Clinton's Reelection Prospects Face Danger in Dixie
`IT'S much too early,'' you say. You think it is premature to evaluate President Clinton's prospects for reelection - that the political landscape in 1996 may be far different from what it is today? Perhaps.
Yet as I was gathering impressions in the Deep South recently, I could not escape one conclusion: That many Southerners - even those who are still behind Mr. Clinton - aren't as enthusiastic in their support of him as they were in the fall of 1992.
I further concluded, again tentatively, that the Democrats' ``Southern strategy,'' which elevated Jimmy Carter to the presidency but could not keep him there, may be working that way once again for another Southerner. The South that rallied behind Mr. Carter and gave most of its backing to Clinton may well be pulling away from one of its own once again.
The Democrats didn't exactly plan the adoption of a Southern strategy. It was imposed on them by Jimmy Carter, who got off to an early start in his quest for the 1976 presidential nomination and very early pushed his competitors out of contention.
Many Northern liberals held reservations about the Georgian but voted for him anyway, joining Southerners excited about a long-hoped-for opportunity to place a fellow Southerner in the White House. But by 1980 much of that Southern ardor for Carter had cooled, which opened the door for his exit after only one term.
Clinton will doubtless seek another term and be renominated. That goes with being president and holding the party reins. But despite polls showing him doing pretty well in public approval at the moment, his actual less-than-firm standing with the voters was pinpointed in a recent Washington Post-ABC News poll that indicated two out of three voters believe the country is off-track.
Fifty-four percent of those asked whether Clinton had started to break the gridlock in Washington said no. That poll holds particular relevancy for voters in the South. There is a strong strain of conservatism among Southerners, who voted twice for Ronald Reagan and once for George Bush on the presidential ticket, though many still call themselves Democrats and cast their ballots that way in local elections.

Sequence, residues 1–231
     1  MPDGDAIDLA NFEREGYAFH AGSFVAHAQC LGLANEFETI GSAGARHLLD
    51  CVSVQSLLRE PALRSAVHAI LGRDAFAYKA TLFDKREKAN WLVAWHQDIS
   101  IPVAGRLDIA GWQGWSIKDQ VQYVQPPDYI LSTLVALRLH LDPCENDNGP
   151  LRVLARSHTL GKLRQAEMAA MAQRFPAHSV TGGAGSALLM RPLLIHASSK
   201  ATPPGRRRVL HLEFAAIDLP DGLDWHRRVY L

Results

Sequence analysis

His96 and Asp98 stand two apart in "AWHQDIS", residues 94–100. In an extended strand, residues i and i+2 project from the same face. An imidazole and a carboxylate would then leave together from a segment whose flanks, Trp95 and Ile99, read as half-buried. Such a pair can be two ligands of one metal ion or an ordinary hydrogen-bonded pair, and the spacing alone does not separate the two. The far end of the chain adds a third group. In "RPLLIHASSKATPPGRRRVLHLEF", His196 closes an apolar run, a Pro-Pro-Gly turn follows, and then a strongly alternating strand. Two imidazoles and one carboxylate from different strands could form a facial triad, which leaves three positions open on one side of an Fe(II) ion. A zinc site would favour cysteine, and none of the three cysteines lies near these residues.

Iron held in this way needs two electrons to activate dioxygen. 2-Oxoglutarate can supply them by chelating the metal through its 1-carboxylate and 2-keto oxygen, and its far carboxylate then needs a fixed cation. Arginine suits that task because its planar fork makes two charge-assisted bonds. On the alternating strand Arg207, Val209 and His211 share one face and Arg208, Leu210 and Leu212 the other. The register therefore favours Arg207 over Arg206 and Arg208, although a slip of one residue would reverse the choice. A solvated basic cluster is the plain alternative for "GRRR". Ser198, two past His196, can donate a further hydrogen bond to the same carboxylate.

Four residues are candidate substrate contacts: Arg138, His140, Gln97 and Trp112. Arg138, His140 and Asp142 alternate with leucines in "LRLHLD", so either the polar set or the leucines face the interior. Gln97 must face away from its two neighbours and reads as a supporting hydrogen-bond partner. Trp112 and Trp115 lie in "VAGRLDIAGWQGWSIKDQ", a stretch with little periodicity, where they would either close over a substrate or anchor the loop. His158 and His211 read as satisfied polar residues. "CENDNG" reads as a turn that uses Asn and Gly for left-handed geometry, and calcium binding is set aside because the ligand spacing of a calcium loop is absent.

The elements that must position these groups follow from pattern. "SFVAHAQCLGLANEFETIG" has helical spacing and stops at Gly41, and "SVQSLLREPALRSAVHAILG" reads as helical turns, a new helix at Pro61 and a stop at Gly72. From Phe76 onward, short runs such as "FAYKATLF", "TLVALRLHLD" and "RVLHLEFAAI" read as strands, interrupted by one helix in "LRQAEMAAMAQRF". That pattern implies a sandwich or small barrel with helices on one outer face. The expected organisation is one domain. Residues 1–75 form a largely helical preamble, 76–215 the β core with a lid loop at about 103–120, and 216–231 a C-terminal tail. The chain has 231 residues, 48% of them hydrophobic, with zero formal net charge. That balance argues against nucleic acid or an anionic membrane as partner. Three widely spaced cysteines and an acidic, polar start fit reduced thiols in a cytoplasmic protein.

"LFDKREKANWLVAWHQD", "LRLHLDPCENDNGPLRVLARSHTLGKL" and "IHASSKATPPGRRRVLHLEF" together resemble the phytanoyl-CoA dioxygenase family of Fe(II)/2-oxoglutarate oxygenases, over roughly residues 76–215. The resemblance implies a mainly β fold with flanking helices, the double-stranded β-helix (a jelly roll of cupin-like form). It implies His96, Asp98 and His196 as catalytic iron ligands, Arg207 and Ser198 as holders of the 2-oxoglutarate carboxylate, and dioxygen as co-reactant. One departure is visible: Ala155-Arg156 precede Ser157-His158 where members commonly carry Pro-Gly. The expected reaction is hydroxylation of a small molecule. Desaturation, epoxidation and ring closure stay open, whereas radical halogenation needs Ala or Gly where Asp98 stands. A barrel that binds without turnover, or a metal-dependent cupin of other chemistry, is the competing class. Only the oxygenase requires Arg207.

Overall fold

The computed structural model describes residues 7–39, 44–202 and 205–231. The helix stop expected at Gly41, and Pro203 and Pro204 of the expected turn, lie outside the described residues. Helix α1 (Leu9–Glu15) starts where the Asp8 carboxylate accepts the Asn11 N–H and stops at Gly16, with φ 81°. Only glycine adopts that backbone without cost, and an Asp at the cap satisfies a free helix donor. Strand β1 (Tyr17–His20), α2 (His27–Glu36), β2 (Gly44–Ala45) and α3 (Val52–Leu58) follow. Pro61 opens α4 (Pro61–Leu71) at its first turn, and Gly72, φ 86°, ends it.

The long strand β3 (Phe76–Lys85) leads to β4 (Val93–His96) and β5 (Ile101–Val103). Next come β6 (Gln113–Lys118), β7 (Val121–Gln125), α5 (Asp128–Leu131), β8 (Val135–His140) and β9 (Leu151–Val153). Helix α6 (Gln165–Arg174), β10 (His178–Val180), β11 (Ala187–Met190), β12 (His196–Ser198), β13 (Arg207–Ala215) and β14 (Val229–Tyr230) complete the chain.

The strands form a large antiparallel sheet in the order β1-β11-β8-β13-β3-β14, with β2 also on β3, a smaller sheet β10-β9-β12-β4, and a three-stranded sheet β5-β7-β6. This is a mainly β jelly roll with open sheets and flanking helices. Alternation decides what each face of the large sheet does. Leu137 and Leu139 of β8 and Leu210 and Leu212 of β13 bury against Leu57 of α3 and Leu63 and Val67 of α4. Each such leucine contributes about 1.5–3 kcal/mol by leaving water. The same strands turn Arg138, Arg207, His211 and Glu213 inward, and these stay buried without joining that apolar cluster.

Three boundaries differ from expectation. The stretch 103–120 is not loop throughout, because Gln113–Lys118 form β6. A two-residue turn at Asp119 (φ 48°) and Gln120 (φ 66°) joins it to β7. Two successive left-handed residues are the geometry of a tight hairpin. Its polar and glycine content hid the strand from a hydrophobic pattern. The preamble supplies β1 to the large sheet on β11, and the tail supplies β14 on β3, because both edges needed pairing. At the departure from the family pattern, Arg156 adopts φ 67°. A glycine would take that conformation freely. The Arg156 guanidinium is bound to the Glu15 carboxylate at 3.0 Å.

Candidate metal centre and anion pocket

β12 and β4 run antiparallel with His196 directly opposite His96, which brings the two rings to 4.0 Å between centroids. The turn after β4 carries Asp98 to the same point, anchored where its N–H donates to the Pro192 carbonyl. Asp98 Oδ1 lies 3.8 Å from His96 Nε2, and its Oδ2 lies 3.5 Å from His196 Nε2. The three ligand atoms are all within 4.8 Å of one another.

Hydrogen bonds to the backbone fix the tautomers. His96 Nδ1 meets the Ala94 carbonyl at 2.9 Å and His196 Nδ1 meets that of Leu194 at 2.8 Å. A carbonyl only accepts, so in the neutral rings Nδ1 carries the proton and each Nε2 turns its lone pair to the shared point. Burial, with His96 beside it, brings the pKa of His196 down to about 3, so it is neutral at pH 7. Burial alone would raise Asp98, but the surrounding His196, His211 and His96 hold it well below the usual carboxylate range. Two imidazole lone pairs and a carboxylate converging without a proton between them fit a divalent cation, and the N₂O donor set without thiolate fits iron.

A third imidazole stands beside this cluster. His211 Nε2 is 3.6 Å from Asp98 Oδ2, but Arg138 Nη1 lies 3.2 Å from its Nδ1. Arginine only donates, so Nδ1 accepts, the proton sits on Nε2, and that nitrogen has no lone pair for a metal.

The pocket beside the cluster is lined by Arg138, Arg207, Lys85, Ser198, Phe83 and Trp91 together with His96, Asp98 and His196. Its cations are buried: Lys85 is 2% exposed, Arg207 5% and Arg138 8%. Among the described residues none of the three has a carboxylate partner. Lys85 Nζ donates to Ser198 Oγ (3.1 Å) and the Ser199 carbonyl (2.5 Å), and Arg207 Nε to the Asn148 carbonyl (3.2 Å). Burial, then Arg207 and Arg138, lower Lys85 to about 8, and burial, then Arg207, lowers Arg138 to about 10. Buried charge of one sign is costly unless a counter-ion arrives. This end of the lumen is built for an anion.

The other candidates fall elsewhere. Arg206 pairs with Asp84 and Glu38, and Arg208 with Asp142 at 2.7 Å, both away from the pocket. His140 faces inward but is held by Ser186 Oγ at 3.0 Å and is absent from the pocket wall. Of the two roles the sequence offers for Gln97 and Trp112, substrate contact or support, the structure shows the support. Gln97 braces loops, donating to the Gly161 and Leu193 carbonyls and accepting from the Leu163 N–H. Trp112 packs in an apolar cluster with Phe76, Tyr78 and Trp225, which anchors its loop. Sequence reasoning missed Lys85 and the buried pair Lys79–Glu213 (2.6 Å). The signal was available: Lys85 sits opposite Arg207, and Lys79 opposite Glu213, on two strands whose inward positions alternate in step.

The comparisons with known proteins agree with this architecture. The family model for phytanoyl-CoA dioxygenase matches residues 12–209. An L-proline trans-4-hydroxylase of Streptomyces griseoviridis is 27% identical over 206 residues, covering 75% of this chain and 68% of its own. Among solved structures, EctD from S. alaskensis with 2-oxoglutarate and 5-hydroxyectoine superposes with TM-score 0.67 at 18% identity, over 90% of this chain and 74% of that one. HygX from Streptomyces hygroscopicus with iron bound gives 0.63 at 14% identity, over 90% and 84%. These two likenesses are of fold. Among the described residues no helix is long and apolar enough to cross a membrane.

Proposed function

These are the Southern Democrats who voted for Clinton last time but are falling away from him now. They think that at heart he is a big-spending liberal and point to his health-care plan as the prime example of a president who is set on adding more taxes and bureaucracy to their daily lives.
The Whitewater scandal may or may not be undercutting support for Clinton in the South. I tend to believe a Los Angeles Times-Mirror poll, which indicated that 73 percent of those who voted for Clinton say the press is overblowing Whitewater, while only 40 percent of those who backed Mr. Bush see it that way. That would mean that the impact of this probe is mainly partisan at this point.
But my impression also is that many Southerners who voted for Clinton - partially because they thought Bush had become wishy-washy and mainly because Clinton was from the South - are finding Whitewater to be something less than palatable. They will talk of Clinton's ``greed'' and ``hypocrisy'' as though they were definitely proved ingredients in his business dealings when he was governor of Arkansas.
I recently talked with Democrat Robert Strauss, a Washington veteran ``wise man.'' He said he had just come around to believing that presidents should serve only one six-year term.
He explained that it is becoming very difficult for a president to be reelected and that the chief executive needs more than four years to get his programs enacted.
What appears to be a fading enthusiasm for Clinton in the South may, indeed, mean it will be very difficult for him to be reelected.